It would not be incorrect to state that the postmodern world is a product of manmade synthesis. With each breakthrough innovation in the market, man’s fixation on interfering with natural laws is evident.
A similar case took place in the early 1930s when the chemistry of per and polyfluoroalkyl substances (PFAS) was discovered. A complex group of over 12,000 synthetic chemicals, PFAS became commonplace in the US by the late 1960s.
They were used in the production of non-stick cookware, stain-resistant fabrics, certain cosmetics, and even Class-B firefighting foams (Aqueous Film Forming Foam or AFFF). Decades later, these chemicals earned a reputation for being hazardous to the environment and humans.
The situation has reached a point where active litigation exists against PFAS manufacturers like 3M and DuPont. In this article, we will look at the legislative progress and what 2024 holds in terms of settlements.
The individuals most severely exposed to PFAS were firefighters who frequently dealt with AFFF. This foam had been a part of their occupational rescue repertoire for decades, preferred for its low viscosity and water/oil-repellent capabilities.
Sadly, hundreds of them developed life-threatening conditions, mainly cancers of the kidneys, testicles, and bladder. The AFFF foam cancer situation became unavoidable by 2017 when the first wave of lawsuits was filed. By 2018, the litigation had enough cases to form a class-action multi-district litigation (MDL).
The International Agency for Research on Cancer (IARC) deemed one widely-studied chemical from the group – perfluorooctanoic acid (PFOA) – to be possibly carcinogenic. Even in 2023, a study found that there was a direct link between AFFFs and testicular cancer.
The plaintiffs have not only sued PFAS manufacturers for personal injuries, but even municipalities have filed water contamination cases. According to TorHoerman Law, it is alleged that 3M was aware of the human health and environmental repercussions as early as the mid-1960s.
By May 2023, both parties were gearing up for the first-ever Bellwether trial for this litigation. The chosen case was the City of Stuart vs. 3M Co. et al – a water contamination lawsuit filed by Florida’s city of Stuart.
The defendants made several attempts to win the trial in their favor, including the exclusion of the Environmental Protection Agency’s (EPA’s) proposed PFAS limits. Around June 2023, there was even a joint motion to delay the litigation.
However, amidst a growing number of cases, the parties finally decided to come to a private settlement. Later, it was revealed that 3M agreed to pay $10.3 billion over 13 years for PFAS detection, remediation, and management. This settlement set the stage for plaintiff attorneys to estimate individual water contamination case payouts.
Currently, there are cases filed against manufacturers of a Telomer-based AFFF as well. It is a different kind of firefighting foam that contains lower levels of PFAS. A global settlement for these cases is awaiting Bellwether trials in August 2024.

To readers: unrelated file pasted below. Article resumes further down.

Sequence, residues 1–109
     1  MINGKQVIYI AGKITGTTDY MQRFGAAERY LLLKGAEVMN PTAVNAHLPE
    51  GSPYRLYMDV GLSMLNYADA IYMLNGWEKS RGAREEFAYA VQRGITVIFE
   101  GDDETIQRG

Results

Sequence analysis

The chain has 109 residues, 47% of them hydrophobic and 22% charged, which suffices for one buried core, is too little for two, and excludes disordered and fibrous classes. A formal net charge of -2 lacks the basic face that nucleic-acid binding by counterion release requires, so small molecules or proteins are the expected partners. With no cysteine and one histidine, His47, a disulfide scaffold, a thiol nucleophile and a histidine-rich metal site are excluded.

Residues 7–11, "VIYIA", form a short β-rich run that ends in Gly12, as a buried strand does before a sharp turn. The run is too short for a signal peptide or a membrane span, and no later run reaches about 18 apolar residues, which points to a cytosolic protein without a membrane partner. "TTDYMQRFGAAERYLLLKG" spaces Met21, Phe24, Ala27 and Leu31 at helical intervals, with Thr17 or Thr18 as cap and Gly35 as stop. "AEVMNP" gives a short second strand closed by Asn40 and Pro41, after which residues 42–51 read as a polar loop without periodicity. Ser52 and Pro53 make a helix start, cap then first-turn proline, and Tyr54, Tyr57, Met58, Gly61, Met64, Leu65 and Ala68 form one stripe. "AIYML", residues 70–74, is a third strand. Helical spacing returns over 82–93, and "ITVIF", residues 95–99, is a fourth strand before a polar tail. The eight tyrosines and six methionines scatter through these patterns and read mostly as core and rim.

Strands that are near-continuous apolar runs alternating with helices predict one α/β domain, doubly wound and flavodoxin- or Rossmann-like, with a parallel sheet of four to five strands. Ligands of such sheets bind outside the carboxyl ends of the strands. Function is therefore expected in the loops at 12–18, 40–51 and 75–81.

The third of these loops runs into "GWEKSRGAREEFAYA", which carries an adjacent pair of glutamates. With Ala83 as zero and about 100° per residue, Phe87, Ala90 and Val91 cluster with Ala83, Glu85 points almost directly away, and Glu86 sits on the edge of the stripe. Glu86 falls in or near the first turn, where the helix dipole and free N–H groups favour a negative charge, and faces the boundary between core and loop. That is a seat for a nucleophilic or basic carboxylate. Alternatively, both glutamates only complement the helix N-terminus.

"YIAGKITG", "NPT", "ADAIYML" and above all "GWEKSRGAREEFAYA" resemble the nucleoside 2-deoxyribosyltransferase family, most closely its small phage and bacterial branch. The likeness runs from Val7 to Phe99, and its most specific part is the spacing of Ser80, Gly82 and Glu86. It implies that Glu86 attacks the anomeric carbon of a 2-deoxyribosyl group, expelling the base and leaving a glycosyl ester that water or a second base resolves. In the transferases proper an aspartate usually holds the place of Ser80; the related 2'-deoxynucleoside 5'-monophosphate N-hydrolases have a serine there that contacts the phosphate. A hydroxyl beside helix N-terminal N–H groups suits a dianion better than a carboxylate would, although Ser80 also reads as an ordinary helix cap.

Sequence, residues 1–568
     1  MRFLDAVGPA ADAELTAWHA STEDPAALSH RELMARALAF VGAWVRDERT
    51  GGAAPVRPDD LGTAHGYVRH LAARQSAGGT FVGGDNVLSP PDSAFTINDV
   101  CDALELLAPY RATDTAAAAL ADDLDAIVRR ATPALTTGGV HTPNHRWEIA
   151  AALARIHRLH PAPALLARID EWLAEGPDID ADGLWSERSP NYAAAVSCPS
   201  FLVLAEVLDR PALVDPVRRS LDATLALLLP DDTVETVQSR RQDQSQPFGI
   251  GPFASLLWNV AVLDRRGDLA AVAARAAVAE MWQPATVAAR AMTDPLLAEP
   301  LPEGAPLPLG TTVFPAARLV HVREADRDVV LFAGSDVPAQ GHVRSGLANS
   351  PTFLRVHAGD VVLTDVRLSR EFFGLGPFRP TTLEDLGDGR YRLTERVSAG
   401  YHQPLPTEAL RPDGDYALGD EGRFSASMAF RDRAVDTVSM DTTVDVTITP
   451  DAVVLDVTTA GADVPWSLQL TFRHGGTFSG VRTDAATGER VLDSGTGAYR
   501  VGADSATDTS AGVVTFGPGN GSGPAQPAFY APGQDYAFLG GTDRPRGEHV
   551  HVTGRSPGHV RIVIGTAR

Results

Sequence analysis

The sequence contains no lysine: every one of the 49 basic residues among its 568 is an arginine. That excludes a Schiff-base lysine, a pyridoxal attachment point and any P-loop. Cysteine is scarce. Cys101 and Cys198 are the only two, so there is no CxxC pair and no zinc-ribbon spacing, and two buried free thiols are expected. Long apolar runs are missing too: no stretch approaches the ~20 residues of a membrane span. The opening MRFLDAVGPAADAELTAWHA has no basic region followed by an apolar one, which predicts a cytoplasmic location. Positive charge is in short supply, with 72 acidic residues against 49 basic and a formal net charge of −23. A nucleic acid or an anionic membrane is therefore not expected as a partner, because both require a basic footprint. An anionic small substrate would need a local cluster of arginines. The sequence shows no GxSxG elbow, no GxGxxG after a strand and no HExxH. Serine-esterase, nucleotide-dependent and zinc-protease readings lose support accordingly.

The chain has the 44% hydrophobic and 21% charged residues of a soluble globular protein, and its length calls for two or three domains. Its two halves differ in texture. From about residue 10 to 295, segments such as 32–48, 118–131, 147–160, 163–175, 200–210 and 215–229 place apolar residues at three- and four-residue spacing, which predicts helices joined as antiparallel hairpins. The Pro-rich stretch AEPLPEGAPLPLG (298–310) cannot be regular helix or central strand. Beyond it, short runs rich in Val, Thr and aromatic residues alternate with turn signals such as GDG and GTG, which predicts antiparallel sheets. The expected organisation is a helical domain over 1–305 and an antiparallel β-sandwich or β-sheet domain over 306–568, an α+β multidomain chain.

Even so, it may be said that the plaintiff’s counsel has secured at least partial victory in this litigation.
Despite the partial victory, plaintiffs are concerned about the personal injury lawsuits. This year itself, many have succumbed to their severe injuries. In such cases, the court has granted surviving family members the right to file a wrongful death lawsuit.
By October 2023, over 6000 cases were still pending (some belonging to the water contamination category). Bellwether trials for personal injury lawsuits are expected to take place in 2024. In November this year, plaintiffs were required to choose cases for the discovery pool.
A major hurdle to settlements is the water contamination lawsuit sub-group regarding the Telomer-based AFFF cases. Frustratingly enough, the weeks preceding November 2023 were dedicated to tackling cases for Telomer litigation’s Bellwether trials.
In the meantime, three ‘suggestion of death’ notices were filed in the AFFF litigation. A suggestion of death notice indicates that the respective plaintiff has passed away while awaiting justice. By the time the court holds trials for personal injury cases, it is possible that many more would yield themselves to a similar fate.
On a final note, the focus on Telomer-based AFFF lawsuits will likely push back justice for firefighters and military servicemen. It is believed that settlements may not be on the horizon until late 2025 or even early 2026.
The Case Management Order has been issued, thereby forging a path for an overall settlement. The court is currently reviewing four conditions associated with firefighting foam – hypothyroidism, ulcerative colitis, cancers of the kidneys and testicles, and thyroid disease.
The Judge is looking into the litigation inventory to ascertain its scope. It is concerning that most lawsuits are associated with conditions not currently under the court’s review. This means it may be a while before the court is done assessing the legitimacy of all cases.